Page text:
Essential Fatty Acids – Hemp provides the essential fatty acids (EFAs) omega-3 and omega-6 in an ideal 3:1 ratio. Hemp is also one of the few sources of the hard-to-get gamma linolenic acid (GLA), another important source of omega-6 EFAs. All these essential fats are found abundantly in hemp and are great sources of energy. Essential fats found in hemp may reduce food cravings and inflammation and improve circulation.
Fiber – Hemp is a good source of healthy carbohydrates and dietary fiber, both soluble and insoluble. In one serving of hemp protein powder (2 tablespoons or 30 grams) you’ll be receiving 8 g of fiber! That’s almost one-third of the total daily requirement of 30 g (but feel free to get more, of course!). The fiber in hemp stabilizes blood sugar, and ensures regularity, won’t cause bloating, gas or bad breath (unlike other types of protein supplements).
Vitamins and Minerals – Hemp is delivers a solid dose of vitamins A, B1, B3, B5, D, and E. Hemp is also a good source of iron, containing 2 to 3 mg. Hemp protein provides 48 percent of the recommended daily value of magnesium at 100 to 200 mg per serving. It even boasts trace minerals, and chlorophyll (which you will all remember from Green Dream Chlorella Cream, right?)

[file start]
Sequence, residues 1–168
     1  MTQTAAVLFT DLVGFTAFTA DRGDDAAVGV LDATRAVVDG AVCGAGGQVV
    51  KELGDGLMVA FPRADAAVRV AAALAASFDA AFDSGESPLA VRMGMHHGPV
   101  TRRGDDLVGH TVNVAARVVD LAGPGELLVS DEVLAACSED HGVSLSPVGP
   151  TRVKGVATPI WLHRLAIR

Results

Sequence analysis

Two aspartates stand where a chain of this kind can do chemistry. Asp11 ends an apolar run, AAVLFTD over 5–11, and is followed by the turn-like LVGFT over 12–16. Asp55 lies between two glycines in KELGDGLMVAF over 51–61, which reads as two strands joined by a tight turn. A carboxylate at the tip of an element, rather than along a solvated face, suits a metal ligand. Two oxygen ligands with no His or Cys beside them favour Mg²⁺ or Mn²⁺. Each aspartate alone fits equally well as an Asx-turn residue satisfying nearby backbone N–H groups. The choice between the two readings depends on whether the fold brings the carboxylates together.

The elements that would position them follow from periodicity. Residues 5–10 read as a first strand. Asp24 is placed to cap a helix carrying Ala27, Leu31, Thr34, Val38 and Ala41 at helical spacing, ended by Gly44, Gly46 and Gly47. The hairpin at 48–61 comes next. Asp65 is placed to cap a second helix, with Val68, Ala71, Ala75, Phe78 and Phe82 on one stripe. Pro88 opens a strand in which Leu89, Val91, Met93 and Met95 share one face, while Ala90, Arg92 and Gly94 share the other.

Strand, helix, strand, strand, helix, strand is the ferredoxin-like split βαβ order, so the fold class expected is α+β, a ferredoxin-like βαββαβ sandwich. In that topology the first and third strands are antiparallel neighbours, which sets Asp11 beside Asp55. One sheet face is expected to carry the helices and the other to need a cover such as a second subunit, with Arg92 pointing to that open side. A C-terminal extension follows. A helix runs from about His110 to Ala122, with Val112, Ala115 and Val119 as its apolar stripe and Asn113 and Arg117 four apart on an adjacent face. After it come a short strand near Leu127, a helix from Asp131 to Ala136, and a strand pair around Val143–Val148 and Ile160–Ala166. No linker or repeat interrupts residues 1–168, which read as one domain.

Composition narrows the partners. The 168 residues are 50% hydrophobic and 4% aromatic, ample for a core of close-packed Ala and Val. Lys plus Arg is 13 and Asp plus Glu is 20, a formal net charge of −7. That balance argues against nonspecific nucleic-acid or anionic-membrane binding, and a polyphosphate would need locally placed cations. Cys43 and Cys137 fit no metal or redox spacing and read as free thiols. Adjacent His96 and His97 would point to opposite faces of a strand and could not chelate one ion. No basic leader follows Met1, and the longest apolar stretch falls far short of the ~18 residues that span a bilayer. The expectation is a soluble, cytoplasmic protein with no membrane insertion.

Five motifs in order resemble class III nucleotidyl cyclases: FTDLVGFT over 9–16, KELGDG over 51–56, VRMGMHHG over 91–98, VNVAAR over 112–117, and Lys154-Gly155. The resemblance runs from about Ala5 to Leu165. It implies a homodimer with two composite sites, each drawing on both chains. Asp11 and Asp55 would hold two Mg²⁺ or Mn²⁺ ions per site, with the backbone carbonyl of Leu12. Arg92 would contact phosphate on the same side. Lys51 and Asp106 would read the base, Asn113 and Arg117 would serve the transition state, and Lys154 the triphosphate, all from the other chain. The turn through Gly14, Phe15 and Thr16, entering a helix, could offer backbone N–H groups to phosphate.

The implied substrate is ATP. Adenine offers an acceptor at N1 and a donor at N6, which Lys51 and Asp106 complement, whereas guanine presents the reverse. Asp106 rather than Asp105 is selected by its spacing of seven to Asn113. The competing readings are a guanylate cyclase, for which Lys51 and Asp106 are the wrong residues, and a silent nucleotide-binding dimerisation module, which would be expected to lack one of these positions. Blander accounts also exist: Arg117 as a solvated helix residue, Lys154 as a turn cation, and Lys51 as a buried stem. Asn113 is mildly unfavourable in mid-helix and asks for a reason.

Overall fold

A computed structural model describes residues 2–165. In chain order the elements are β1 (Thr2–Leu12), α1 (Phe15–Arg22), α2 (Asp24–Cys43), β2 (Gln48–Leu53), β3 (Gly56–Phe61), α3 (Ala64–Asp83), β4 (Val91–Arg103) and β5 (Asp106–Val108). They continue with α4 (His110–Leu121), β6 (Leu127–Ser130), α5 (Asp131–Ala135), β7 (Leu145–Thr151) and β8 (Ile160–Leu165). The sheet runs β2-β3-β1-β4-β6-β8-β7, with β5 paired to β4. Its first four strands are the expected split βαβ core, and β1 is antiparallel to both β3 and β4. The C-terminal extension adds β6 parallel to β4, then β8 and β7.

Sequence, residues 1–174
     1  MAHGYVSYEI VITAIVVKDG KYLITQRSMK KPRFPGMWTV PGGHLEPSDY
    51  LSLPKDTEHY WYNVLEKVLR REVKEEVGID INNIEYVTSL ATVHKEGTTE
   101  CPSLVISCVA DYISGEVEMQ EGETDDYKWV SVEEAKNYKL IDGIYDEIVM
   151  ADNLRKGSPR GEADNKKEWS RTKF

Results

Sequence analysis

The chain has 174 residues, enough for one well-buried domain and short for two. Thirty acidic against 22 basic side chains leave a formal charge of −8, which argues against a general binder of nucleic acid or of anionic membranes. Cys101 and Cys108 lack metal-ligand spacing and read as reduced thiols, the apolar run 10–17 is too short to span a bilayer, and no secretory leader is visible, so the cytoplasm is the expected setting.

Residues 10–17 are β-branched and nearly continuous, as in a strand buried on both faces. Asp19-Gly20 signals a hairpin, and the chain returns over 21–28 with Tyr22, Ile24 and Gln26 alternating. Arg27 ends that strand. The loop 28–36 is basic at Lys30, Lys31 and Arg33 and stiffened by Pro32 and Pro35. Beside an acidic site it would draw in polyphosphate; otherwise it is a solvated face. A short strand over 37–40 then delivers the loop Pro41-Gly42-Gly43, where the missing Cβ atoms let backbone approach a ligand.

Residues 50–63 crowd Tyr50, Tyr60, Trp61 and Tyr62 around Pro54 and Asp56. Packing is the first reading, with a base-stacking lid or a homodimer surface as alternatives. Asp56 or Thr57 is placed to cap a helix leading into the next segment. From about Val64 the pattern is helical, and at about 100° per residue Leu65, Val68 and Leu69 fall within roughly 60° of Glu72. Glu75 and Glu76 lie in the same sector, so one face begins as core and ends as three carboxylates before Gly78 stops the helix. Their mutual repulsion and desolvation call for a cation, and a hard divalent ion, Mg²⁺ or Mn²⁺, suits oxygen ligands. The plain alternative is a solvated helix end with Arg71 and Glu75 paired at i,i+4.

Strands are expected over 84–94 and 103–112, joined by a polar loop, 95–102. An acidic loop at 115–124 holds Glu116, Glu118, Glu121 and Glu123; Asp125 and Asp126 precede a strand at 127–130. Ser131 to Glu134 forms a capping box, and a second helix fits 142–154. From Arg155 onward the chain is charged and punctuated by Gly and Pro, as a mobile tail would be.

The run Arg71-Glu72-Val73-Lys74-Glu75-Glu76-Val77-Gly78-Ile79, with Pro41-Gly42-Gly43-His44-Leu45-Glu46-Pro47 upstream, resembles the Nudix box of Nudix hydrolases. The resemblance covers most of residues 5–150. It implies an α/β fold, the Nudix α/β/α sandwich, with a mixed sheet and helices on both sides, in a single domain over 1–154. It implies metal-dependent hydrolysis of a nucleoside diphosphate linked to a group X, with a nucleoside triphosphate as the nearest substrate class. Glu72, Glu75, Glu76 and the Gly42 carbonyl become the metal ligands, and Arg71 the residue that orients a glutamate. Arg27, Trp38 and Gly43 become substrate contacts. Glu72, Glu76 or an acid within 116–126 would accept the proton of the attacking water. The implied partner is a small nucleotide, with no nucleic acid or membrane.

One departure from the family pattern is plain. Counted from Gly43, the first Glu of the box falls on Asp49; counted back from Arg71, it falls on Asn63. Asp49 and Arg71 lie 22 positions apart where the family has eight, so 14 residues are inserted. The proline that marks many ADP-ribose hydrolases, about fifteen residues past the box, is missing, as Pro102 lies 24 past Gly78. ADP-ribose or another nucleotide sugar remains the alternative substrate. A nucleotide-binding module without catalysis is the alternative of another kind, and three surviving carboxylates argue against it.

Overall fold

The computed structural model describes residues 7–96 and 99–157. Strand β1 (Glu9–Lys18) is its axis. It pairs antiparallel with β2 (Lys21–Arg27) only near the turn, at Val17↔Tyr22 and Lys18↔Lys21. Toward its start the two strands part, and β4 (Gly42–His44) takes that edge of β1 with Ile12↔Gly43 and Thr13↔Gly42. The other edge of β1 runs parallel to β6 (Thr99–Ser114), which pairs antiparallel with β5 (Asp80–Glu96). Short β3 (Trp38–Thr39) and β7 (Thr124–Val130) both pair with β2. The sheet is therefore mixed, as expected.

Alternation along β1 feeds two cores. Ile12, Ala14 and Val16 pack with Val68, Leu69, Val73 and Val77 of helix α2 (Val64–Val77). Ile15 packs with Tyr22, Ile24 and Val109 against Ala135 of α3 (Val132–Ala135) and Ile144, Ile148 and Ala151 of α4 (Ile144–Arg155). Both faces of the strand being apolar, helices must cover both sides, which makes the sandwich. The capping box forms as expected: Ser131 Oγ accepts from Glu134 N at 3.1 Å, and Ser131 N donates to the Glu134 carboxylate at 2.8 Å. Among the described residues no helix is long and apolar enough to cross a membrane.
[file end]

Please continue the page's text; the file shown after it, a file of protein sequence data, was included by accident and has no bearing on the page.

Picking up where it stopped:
In addition to being unbelievably healthy, hemp is also a healthy choice for the planet. Hemp is a sustainable crop, takes a low toll on the soil, can be grown in a variety of environments the world over, and can be replanted time and time again. Hemp fibers are among the strongest and most durable of any plant, making them perfect for clothing and paper products (did you know the US Constitution was written on hemp paper? Totally true.) Look for clothes made from hemp fiber instead of cotton, which requires substantially less (if any) pesticides during cultivation.
Who’s got the munchies?
Hemp has a gourmet nutty flavour that blends easily into smoothies and baked goods. I love putting the hulled seeds into my morning power shake for extra Omega fats and protein. It lends an amazing creaminess and richness and gives me energy for hours and hours. Baking with the protein powder is also a breeze, as you can pretty much substitute it for flour in small amounts (try ¼ cup at a time). This will increase the protein, fiber, and healthy fats in all of your cakes, cookies and bars and no one will even notice! In fact, this recipe started off as just a granola bar, but because I had some hemp protein powder in my pantry…voila! An even better version of this already awesome treat was born.